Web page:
By Patrick Appel
Coates makes a good point:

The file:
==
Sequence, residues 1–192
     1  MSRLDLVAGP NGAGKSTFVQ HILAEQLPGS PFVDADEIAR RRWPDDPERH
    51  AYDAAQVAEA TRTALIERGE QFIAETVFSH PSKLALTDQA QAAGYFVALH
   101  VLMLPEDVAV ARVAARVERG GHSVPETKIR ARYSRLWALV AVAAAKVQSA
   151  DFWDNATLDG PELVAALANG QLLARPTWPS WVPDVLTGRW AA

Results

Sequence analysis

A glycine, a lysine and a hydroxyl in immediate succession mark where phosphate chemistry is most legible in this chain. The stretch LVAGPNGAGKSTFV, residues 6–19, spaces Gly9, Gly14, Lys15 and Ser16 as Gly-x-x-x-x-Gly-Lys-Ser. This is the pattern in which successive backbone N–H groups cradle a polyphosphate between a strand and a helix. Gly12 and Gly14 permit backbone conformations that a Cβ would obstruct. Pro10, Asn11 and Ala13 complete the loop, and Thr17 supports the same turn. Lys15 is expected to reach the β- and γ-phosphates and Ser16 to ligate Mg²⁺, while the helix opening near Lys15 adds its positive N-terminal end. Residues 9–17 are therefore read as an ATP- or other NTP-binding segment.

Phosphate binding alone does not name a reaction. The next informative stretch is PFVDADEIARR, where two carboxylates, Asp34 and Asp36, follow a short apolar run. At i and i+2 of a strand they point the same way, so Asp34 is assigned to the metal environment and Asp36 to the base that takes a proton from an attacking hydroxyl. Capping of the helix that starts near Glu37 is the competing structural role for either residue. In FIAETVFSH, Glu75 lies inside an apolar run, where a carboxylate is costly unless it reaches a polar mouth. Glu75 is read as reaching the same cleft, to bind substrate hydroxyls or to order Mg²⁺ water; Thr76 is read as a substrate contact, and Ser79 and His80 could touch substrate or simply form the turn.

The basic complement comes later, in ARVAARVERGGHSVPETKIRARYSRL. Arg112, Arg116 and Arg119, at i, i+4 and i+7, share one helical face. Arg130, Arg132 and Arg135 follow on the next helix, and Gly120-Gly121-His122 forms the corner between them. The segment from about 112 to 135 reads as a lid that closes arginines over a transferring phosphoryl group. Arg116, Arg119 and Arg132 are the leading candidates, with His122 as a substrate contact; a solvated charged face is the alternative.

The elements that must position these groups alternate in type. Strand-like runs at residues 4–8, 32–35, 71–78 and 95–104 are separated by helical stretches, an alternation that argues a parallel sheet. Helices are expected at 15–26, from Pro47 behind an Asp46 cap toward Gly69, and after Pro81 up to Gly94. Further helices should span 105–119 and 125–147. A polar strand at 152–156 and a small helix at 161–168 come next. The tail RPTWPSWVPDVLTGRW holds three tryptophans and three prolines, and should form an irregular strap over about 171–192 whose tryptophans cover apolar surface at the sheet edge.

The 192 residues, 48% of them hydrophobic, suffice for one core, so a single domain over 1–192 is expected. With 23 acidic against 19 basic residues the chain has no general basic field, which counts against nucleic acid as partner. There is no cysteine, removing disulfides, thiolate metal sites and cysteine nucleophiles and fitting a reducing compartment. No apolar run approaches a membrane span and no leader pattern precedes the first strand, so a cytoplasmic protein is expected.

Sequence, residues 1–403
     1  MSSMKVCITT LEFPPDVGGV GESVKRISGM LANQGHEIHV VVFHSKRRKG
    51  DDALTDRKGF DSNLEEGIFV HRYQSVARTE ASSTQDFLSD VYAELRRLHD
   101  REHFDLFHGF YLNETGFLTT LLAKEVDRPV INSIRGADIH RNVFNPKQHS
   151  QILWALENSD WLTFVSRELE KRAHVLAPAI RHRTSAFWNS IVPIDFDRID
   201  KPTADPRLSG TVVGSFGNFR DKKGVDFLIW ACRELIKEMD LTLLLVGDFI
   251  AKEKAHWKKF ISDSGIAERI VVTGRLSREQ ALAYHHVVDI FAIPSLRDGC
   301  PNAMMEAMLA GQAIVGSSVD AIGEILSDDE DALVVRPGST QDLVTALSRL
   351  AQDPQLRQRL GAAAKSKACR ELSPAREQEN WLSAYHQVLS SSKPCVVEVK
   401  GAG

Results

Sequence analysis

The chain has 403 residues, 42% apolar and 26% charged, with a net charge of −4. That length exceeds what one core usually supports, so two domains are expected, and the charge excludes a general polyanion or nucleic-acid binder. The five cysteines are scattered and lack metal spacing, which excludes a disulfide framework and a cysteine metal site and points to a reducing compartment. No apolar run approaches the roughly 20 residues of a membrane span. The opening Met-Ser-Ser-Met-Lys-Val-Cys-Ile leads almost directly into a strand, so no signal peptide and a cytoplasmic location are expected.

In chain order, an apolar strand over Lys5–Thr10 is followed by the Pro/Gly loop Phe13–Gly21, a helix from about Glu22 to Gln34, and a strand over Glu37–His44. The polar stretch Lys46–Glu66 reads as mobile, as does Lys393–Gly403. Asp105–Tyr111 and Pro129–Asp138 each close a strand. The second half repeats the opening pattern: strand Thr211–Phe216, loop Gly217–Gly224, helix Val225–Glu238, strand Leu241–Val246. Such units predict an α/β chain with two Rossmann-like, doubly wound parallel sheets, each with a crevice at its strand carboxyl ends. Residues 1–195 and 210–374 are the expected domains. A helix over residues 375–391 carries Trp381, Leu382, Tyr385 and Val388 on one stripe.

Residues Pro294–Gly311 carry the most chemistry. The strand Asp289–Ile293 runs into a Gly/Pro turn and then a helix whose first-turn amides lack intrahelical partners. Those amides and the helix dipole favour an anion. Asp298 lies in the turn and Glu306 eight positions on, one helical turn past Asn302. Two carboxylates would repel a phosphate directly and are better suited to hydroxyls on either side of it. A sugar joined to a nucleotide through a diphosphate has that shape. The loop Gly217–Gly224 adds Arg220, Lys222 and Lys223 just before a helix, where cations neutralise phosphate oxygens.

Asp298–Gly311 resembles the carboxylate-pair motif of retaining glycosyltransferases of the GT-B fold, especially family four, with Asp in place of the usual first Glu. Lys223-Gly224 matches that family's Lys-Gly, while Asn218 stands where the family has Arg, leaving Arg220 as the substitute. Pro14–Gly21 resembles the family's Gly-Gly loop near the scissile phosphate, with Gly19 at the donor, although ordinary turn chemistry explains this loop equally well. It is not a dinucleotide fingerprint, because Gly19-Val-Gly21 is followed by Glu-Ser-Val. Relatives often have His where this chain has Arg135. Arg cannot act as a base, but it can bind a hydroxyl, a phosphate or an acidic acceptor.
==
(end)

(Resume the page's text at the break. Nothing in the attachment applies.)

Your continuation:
There are two questions here--how are we going to fix the race chasm, and how far are we really willing to go to do it? People like to focus on the former, because the truly frightening one is the latter. We're forever trying to achieve equality by not negatively impacting white people. You can look back at the War on Poverty and see how desperate folks were to make it look color-blind. How'd that work out? I think one of the reasons Affirmative Action was extended to basically everyone by white males, was likely, so it wouldn't be reparations. Ironically, class-based integration uses the same logic. I'm a fan because I believe in it on principle. But the politics of it seem to be captive to ancient formulations: Despite the fact that slavery and Jim Crow crippled black folks, we want to heal those wounds by inconviencing white people as little as possible. It's been this way since Reconstruction. If I'm pessimistic about anything it's not knowing the right thing to do, it's the will to get it done.
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